After the bridge disaster
Many top Minnesota transportation officials are focused on the collapsed Minneapolis bridge, but they say that is not slowing down other projects.
And routine bridge inspections continue even as a new round of checks nears.
Bob McFarlin, assistant to the transportation commissioner, said Monday that the collapse has not affected construction projects around the state. He said money remains flowing to those projects, and is not being diverted to operations revolving around the disaster that occurred last Wednesday near downtown Minneapolis.
He said that many in the Minnesota Department of Transportation are working on the collapse, but added that that the disaster "probably will not" affect the department's other jobs in the future.
However, McFarlin added, any impact on other projects will depend upon how much federal money comes to Minnesota for the bridge, and how fast it comes. Congress last week approved $250 million for a new bridge and President Bush promised $5 million to clean up bridge debris now sitting in the Mississippi River. MnDOT officials say they don't know how much a new bridge will cost.
Moving ahead with removing bridge debris and building a new one without affecting other projects "is our goal," McFarlin said.
In the aftermath of the bridge collapse, Gov. Tim Pawlenty ordered all 13,026 local and state bridges inspected. Lt. Gov. Carol Molnau, his transportation commissioner, said while plans are being made for those extra inspections, normal inspections are going ahead as planned long before the bridge collapsed.
"We're going to keep up our regiment of inspections so the bridges do not fall behind," Molnau said.
In addition to the normal inspections, the state has hired a private firm to help meet Pawlenty's order to inspect every bridge as soon as possible.
McFarlin said he hopes to have a timeline for the extra inspections in the next few days.
Also Monday, Molnau continued to defend her department's work as reporters asked her if she plans to resign in light of the bridge collapse.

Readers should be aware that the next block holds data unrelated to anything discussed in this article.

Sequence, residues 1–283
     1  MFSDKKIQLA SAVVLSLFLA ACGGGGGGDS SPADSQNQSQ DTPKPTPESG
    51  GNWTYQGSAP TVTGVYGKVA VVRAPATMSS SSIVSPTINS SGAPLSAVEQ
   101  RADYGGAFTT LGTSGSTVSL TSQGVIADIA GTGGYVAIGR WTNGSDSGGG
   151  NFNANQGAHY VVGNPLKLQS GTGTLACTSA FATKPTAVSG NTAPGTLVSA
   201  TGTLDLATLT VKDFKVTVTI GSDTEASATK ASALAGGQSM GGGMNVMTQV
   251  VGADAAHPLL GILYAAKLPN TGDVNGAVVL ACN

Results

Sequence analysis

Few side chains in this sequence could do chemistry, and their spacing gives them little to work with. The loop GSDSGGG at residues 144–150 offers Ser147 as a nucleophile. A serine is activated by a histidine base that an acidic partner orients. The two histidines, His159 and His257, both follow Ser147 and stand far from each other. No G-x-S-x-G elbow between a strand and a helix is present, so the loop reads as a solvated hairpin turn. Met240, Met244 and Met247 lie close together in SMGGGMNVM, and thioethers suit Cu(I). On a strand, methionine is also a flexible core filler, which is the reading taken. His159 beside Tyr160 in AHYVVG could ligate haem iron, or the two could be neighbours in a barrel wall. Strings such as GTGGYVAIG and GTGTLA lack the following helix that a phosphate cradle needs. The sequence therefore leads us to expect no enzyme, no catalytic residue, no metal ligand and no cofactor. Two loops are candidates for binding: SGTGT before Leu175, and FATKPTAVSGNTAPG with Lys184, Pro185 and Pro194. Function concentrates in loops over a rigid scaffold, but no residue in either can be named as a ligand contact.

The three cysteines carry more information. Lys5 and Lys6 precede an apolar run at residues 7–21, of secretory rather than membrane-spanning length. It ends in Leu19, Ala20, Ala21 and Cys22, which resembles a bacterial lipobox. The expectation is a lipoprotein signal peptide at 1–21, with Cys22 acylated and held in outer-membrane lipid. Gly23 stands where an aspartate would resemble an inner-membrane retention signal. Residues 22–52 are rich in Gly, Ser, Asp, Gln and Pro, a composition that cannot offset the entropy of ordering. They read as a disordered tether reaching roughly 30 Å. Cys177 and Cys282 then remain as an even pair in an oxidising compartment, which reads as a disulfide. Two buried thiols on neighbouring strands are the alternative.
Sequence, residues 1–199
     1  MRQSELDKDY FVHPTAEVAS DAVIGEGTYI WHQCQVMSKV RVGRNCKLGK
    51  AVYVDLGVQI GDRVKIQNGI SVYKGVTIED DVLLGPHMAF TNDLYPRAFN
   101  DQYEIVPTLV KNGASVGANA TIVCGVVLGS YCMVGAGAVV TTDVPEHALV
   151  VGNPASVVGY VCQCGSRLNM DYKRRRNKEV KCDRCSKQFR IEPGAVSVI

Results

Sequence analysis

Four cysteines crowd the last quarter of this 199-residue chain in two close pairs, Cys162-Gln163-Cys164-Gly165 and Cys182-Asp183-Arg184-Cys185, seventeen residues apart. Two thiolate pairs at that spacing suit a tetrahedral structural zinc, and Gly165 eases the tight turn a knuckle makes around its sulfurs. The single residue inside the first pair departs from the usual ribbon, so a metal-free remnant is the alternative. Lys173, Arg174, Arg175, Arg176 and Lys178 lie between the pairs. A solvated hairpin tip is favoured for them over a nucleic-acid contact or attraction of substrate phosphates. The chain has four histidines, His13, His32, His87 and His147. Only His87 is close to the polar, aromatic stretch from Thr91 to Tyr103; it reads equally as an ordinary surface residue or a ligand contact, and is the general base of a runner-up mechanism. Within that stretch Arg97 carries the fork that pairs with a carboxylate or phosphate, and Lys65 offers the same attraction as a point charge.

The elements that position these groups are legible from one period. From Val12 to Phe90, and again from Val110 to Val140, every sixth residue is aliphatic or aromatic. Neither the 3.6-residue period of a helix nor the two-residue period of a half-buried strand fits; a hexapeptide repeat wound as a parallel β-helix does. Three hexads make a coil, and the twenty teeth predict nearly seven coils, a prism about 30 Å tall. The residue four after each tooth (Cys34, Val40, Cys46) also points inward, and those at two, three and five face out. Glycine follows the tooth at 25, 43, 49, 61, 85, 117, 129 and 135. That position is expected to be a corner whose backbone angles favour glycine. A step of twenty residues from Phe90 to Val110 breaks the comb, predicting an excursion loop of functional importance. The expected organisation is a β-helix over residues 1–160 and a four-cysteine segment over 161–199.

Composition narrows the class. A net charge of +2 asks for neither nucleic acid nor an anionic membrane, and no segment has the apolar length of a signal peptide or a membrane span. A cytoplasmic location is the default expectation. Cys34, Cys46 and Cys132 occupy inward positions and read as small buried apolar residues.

"I'm doing my job," she said. "The governor shows complete confidence in the job we are doing."
She said she does not expect to offer her resignation.
Molnau is Minnesota's first lieutenant governor who also serves as a commissioner.
Murphy, a Red Wing Democrat who heads the Senate Transportation Committee, and Pawlenty made it clear that a special legislative session to deal with transportation funding is becoming much more likely after Labor Day.
Pawlenty says that no significant transportation funding increases have come in a couple of decades other than some loans the state has taken out under his tenure.
After the bridge collapse, Pawlenty gave up his long-held opposition to raising the gasoline tax, which has been 20 cents since 1988. However, Democratic legislative leaders and Republican Pawlenty still need to negotiate a deal before he calls lawmakers into special session.
"Looking at the total degradation of our roadways ... we need a massive infusion of dollars up front," Murphy said.
Transportation experts say $1.7 billion a year is needed to bring Minnesota roads and bridges up to appropriate standards.
Murphy told reporters Monday that getting the entire amount "would be a very difficult or impossible task."
Most deaths occur in rural Minnesota, so Murphy said he expects lawmakers there to back more funding.